BEING NUMBER ONE
By Jane Elliott
Author of The Little Prisoner
As a child a never thought anyone would believe what I had to say, so when my book went straight to number one in the hardback charts and everyone was talking about how brave I was to tell my story, I found it hard to take in. One minute I would be hugging myself with excitement and the next I would be frightened of what would happen now Id let the genie out of the bottle.
Initially I wanted to write it because I knew how much Id been helped by reading A Child Called It by Dave Peltzer. If just one child who was being abused read my story, I reasoned, and felt inspired enough to speak out and end the cycle of bullying in their own life, it would be worth doing.
Every time my publishers rang to say they were printing more copies to meet the demand, I imagined how many more people would be reading it and maybe seeing that it was possible for them to turn on the bullies and regain control of their lives.
The actual writing process was hard because it stirred up one or two memories and emotions that Id been trying to forget about. But now Ive now shouted out to the whole world all the things I was told had to be kept secret and it feels like a lead weight has lifted off my shoulders.
However hard Id been trying to suppress the memories over the years, they were always there. I could distract myself with family chores, a bottle of wine or a packet of cigarettes, but that didnt make the hurt go away for more than a few hours. Facing up to the memories and telling the whole story was like opening the curtains and windows on a sunny day, letting the light into a room that had grown stale, the air poisonous.
One of my biggest worries was how my children would react to the book. Theyre both still young and although they knew that something bad had happened in my childhood they didnt know any details. Ive told them the book contains material they might find upsetting and that I would rather they didnt read it until they were older, and so far theyve managed to resist the temptation I think. The excitement of hearing their mum talking on the radio and seeing the book all over the shelves in the supermarket and WH Smith seems to have more than compensated them for any worries it might have caused them.
The hard thing for them is that theyre not allowed to tell their friends about it. That was particularly tough when it was at the top of the charts and they were longing to share the excitement that was going on within our little family group. But theyre all too aware of the dangers of disclosing my true identity and of my whereabouts being discovered by my family. They saw what happened to their mum last time her brothers caught up with her, and they dont want to take the risk of that happening again. They keep telling me how proud of me they are. I just hope they realise how proud I am of them as well.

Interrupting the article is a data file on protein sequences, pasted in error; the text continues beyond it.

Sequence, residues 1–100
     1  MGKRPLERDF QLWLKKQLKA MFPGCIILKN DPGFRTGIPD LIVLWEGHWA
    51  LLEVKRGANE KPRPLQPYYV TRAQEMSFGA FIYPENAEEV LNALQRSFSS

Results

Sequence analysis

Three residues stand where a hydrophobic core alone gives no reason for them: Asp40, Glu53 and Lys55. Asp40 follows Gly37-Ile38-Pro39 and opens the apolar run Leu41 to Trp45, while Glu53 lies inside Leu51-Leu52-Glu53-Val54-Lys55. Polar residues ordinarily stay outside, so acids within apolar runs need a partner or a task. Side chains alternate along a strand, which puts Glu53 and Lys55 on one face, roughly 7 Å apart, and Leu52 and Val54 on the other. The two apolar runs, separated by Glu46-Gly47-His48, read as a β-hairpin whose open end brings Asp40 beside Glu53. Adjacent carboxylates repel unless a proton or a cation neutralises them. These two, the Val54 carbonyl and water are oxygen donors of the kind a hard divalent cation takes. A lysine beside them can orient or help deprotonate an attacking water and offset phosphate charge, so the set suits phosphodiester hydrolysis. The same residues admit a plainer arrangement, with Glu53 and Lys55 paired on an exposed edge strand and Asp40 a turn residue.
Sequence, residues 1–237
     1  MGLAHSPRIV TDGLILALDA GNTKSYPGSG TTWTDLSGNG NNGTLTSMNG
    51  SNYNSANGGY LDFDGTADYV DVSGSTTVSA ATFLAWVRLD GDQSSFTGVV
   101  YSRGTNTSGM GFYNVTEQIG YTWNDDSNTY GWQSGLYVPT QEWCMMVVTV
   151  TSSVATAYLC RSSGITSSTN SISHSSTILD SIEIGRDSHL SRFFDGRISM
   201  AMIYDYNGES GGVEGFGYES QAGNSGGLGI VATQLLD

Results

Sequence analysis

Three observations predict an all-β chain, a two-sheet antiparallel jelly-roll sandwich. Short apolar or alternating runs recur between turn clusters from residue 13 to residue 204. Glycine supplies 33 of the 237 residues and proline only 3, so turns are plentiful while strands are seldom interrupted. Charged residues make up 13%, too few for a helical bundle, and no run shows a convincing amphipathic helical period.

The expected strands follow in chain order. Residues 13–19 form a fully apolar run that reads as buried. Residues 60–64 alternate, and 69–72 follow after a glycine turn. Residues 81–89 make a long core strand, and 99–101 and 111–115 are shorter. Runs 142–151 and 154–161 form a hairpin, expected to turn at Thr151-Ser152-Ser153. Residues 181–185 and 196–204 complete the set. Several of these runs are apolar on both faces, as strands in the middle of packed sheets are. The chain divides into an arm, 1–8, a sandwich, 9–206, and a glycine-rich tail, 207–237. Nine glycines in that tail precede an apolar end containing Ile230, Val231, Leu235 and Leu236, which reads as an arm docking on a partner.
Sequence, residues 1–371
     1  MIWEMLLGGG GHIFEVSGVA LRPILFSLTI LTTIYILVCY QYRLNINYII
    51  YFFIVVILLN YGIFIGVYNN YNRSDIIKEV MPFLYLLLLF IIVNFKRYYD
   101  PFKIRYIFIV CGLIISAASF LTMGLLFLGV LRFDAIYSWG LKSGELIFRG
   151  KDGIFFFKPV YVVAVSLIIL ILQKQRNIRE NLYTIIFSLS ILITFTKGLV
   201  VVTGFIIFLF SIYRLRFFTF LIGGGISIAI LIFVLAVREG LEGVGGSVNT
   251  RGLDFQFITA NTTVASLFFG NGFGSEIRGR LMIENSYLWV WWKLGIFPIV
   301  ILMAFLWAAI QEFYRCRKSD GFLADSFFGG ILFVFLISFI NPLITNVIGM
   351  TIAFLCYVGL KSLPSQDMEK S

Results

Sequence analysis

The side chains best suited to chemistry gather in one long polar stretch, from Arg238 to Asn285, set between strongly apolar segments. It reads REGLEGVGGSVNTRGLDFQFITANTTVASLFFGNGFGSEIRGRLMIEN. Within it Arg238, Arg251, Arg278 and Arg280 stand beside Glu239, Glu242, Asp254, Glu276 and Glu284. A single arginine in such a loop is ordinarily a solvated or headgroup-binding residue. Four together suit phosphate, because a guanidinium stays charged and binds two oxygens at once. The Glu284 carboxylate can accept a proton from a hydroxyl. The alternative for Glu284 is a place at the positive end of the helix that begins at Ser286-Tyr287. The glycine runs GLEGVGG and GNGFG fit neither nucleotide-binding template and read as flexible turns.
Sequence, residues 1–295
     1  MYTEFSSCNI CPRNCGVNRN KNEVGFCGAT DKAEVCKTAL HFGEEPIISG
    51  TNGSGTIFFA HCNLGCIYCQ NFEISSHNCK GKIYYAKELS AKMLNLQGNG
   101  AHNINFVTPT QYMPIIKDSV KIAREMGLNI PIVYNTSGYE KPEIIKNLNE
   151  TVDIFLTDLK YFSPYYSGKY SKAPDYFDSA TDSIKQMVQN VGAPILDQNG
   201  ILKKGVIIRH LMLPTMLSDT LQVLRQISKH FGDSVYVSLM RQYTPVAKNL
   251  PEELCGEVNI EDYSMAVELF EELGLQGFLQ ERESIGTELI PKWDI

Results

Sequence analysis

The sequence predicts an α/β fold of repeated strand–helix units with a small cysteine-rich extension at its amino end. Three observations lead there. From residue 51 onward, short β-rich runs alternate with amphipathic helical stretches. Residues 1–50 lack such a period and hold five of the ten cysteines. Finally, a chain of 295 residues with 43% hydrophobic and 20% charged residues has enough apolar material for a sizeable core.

My husband has also had to adjust from being the sole worker in the family to having to stay home a lot to look after the girls while I was off at publishers meetings and giving interviews, but there have been some big compensations for him too. The sense of satisfaction I got from seeing how well the book was doing made me a lot easier to live with, (not that Im not still a bit of a nightmare for him some days!), and we have been able to pay off a few of the debts we were building up and improve our lives materially.
I dont think he really believed the book would be a great success any more than I did, but its surprising how quickly we both got used to having a number one hit and started to feel disappointed when it got knocked down to number two or three!
The charts are full of stories of childhood abuse now and there have been a lot of articles in the press speculating on why so many people want to read about such a difficult subject. I dont think it is the abuse they want to hear about, but the fact that some of the children who suffer from it manage to survive and ultimately triumph. They want to be shocked at the start of the books, crying in the middle and exultant at the end.
I suspect that the audiences for books like The Little Prisoner fall into two categories; firstly there are those who come from stable happy homes who cant understand how anyone can abuse a child and want to find out about a world they can barely imagine. Then there are those who suffered something similar themselves and find some comfort in discovering they are not alone in the world. They get some inspiration from discovering that not only is it possible to lead happy and normal lives at the end, but that you can actually turn all that misery into something positive.
I have a horrible feeling there are more people in the latter category than anyone really wants to admit and, as long as the subject remains shrouded in secrecy and is considered a taboo to talk about, well never know the full extent of the problem. With the popularity of books like mine, however, at least we have started to open the curtains and let a little light into these darkest and nastiest of corners.
If we dont all understand what is going on in families like the one I came from, we cant hope the make things better.